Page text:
John Pantlin was a photographer who worked extensively for the architectural press in the 1950s and 1960s, recording in his pin sharp, beautifully composed images the optimistic outlook of British architectural culture of the period.

This small display at the Geffrye Museum of the Home focusses on his domestic interiors, providing an opportunity to look more closely at British post-war design. Sun-filled living rooms, people lounging on terraces and bedrooms scattered with toys are common in Pantlin’s photographic language, as his work clearly aimed to promote not only a new type of architecture but also a new aspirational lifestyle. All the images are drawn from the Robert Elwall Photographs Collection, one of the largest and most comprehensive collections of architectural photography worldwide and part of the RIBA British Architectural Library.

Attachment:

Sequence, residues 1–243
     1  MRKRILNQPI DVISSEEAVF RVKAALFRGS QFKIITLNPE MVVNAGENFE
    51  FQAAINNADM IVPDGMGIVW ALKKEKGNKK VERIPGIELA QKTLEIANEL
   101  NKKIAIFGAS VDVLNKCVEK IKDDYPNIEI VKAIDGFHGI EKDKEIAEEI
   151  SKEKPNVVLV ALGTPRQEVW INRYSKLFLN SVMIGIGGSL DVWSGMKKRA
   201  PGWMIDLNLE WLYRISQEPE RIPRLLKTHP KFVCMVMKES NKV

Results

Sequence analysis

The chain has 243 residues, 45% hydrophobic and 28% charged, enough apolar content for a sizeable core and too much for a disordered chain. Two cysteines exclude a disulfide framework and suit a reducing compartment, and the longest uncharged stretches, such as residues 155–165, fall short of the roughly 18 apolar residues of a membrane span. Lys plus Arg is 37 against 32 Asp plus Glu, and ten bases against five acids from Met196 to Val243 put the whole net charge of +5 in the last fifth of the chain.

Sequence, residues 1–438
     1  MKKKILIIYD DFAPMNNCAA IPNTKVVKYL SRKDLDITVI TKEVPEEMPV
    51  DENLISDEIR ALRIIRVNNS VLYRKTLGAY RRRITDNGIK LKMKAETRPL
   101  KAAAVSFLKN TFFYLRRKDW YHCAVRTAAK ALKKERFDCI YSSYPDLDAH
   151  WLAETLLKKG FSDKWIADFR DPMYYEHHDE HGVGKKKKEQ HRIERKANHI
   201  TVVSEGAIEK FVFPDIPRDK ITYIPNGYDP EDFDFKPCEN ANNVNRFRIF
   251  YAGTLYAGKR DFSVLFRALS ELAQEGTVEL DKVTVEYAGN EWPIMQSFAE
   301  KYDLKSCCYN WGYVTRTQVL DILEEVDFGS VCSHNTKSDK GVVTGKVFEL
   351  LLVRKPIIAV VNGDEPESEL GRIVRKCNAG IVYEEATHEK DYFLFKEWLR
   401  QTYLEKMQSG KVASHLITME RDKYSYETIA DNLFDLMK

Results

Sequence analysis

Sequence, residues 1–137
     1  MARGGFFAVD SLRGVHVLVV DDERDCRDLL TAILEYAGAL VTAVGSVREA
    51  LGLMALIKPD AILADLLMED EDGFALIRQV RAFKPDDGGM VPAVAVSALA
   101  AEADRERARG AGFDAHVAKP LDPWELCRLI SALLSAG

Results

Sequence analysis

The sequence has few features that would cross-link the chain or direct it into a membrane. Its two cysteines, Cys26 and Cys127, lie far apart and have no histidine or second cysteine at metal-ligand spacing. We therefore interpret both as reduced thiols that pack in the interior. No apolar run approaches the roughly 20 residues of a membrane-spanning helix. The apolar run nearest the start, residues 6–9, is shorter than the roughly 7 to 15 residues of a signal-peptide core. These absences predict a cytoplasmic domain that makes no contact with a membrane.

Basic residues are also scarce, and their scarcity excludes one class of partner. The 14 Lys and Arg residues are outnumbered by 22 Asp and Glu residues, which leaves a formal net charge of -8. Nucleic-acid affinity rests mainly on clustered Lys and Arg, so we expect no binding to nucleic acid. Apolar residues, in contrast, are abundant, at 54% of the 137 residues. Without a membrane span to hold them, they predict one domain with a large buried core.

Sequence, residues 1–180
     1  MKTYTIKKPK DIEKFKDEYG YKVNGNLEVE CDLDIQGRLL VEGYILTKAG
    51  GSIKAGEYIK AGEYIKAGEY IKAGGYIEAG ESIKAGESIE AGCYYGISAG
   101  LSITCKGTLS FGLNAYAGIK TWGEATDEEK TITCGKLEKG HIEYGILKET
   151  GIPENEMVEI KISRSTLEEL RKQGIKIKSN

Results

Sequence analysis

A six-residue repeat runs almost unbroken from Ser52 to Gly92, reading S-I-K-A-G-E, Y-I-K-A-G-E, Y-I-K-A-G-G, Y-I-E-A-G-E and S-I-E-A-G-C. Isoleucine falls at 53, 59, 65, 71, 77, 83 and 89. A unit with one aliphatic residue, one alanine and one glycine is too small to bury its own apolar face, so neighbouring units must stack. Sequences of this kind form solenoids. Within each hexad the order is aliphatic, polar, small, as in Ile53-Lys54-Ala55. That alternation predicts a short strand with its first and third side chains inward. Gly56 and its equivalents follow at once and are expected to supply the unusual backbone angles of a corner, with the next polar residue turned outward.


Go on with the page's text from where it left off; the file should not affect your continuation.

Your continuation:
The Geffrye explores the home from 1600 to the present day, focusing on the living rooms of the urban middle classes in England, particularly London. A series of period rooms show how such homes have been used and furnished over this period, reflecting changes in society and patterns of behaviour as well as style, fashion and taste. The museum is set in 18th century former almshouses, surrounded by gardens, in Shoreditch, London.